Maybe a near-death experience changes a fella.
A muted Brock Lesnar addressed the media last week ahead of his title defence against Cain Velasquez at UFC 121 Saturday in Anaheim.
The love-to-hate-him heavyweight, who has polarized fans since the first time he stepped into the Octagon, was reserved in his usual arrogance and trash-talking.
Lesnar, who suffered a serious case of diverticulitis, an intestinal disorder that required surgery and put his career in peril, was both gracious and even spoke of being a role model.
"There is responsibility when it comes to being the champion," said Lesnar, 33, who is coming off a title win over Shane Carwin at UFC 116 in August.
"First and foremost, I want to be a great role model to my own kids. And if you do that, then you should be for the other kids to see as well."
The new nice-guy Lesnar said he counts his lucky stars every night.
"I just feel blessed and honoured to be the champion. This is my second chance of reinventing myself," said Lesnar, who has a 5-1 MMA record. "I'm a former amateur wrestler, a former professional wrestler, a wannabe NFL football player. And here I am a UFC heavyweight champion.
"Do I look at it any differently? No. Do I go to bed holding on to my UFC title every night? No.
"I go to bed, I tuck my kids into bed every night. I don't have any added pressure on myself. I'm doing what I love to do. And I've got -- we've got a great fight coming up on October 23rd."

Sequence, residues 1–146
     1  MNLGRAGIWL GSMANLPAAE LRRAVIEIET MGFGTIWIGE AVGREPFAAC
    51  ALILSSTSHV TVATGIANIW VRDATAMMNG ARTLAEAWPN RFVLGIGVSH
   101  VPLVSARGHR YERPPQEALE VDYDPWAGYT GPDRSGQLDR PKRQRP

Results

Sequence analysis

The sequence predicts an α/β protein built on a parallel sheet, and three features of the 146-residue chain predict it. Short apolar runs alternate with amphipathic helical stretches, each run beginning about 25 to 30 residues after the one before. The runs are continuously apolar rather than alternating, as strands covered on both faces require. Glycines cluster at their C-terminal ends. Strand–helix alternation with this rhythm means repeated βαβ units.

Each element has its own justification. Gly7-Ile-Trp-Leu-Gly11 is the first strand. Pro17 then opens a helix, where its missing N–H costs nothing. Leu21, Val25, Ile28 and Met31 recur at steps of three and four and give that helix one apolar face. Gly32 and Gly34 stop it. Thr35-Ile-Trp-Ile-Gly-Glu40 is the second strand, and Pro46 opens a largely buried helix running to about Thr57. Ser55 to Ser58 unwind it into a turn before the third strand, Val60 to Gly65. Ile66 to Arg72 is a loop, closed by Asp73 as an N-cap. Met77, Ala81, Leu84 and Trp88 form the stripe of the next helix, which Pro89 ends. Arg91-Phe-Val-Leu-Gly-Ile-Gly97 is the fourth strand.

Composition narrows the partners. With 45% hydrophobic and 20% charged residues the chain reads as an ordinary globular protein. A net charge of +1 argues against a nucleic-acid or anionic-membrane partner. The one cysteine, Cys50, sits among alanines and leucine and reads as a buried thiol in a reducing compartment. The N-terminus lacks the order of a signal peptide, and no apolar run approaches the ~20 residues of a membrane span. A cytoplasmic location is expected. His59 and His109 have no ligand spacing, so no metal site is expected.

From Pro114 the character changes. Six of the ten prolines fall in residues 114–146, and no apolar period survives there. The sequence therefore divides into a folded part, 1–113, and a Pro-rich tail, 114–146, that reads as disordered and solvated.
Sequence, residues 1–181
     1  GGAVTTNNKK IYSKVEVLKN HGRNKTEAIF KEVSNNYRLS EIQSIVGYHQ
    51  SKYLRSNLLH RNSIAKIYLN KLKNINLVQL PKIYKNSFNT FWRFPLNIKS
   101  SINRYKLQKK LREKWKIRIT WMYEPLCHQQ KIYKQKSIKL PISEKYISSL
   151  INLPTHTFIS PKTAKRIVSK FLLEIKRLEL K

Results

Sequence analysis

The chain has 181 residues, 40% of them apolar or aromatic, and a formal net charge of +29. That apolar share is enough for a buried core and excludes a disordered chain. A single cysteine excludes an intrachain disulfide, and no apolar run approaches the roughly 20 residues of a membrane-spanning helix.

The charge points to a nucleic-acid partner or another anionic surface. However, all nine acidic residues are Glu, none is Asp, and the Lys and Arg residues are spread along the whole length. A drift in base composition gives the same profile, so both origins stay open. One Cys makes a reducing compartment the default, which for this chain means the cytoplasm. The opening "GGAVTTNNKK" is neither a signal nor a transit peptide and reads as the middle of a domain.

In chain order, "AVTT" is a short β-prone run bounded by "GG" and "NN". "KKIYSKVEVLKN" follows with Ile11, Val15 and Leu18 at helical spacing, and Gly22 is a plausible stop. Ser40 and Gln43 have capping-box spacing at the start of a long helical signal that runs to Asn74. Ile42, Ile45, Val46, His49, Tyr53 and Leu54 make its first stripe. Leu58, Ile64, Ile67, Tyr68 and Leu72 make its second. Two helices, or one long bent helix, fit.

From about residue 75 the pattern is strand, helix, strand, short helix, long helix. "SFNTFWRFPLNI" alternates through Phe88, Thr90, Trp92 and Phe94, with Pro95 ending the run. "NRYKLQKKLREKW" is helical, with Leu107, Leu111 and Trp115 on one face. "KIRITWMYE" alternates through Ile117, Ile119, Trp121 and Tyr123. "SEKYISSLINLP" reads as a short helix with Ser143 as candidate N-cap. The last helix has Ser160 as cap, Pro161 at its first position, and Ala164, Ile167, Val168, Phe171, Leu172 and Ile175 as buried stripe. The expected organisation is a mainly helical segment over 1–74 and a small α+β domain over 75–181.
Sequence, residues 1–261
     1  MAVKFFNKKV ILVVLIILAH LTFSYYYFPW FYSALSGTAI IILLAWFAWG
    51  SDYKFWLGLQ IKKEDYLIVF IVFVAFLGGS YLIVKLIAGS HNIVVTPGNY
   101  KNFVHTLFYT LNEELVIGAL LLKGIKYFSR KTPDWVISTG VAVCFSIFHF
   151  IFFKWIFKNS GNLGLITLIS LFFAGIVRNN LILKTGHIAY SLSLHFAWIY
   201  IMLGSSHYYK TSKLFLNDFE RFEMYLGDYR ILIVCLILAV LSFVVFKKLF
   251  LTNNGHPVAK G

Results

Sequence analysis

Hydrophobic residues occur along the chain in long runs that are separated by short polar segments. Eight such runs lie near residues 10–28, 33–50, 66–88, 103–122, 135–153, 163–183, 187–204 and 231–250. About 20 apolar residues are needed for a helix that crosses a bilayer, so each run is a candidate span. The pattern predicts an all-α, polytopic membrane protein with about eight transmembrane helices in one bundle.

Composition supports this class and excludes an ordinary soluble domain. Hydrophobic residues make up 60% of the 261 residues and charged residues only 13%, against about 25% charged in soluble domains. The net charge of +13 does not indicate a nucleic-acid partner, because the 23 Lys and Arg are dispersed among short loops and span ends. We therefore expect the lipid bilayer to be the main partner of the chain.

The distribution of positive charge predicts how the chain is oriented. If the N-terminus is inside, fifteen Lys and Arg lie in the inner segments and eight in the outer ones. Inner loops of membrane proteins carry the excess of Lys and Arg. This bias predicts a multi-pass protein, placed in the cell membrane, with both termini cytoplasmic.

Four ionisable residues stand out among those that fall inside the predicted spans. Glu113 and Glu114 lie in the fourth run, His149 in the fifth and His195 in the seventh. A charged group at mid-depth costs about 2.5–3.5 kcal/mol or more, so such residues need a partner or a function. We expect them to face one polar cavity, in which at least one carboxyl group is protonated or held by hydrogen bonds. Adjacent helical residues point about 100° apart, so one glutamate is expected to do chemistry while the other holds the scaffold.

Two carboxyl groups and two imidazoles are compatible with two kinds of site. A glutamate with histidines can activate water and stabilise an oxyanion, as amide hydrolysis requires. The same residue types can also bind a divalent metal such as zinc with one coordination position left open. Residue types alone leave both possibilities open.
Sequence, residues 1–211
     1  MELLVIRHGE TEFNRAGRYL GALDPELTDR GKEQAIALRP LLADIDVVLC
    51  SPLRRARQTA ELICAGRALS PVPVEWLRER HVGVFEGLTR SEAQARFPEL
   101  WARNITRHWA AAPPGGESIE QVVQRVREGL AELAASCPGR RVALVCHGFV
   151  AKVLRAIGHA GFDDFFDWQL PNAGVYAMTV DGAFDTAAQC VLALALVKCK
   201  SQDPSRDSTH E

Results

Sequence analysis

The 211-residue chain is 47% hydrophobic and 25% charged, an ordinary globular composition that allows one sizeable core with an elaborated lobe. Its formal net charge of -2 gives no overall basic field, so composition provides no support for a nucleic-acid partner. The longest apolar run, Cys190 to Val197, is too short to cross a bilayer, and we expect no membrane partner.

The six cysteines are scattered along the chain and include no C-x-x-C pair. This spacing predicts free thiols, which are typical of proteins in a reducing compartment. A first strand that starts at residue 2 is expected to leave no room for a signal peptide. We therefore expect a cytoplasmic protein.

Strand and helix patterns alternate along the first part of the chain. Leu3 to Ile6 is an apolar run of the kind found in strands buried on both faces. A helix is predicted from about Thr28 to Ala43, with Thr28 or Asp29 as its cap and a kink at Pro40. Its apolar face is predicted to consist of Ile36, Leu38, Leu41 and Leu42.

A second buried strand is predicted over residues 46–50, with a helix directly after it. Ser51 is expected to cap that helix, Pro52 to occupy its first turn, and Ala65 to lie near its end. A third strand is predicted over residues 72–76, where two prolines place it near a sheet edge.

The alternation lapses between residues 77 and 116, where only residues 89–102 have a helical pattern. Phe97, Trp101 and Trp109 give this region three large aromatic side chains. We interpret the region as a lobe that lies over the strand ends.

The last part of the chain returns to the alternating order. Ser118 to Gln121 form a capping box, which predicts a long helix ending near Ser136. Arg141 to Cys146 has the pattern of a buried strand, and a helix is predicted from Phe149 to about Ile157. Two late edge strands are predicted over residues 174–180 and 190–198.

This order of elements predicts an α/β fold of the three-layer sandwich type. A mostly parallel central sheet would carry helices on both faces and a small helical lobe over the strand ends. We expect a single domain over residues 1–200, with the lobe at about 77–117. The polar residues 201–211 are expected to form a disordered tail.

Lesnar, who had a bumpy introduction to the UFC after coming over as a former pro wrestler, even had kind words for Velasquez.
"There's a lot of story behind (the fight)," said Lesnar.
"You've got a young lad whose family moved here from Mexico and this guy wants to make a name for himself. And here I am ... There's a lot of roadblocks being the heavyweight champion.
"And people are trying to stand in front of my title reign. ... Come October 23rd, the best man will have his hand raised."
Velasquez, who is a perfect 8-0 with seven knockouts, says he'll have his hands full with the 6-foot-3 Lesnar, who cuts weight to make the 265-lb. limit.
"I haven't faced anybody with his size, his athletic ability and his power," said Velasquez.
"But I'm in a position that I want to be. The reason I started in this sport was to be in this position. I want to have that belt. All I can do is just train as hard as I can in the gym, give as much as I can.
"I definitely feel confident in my abilities."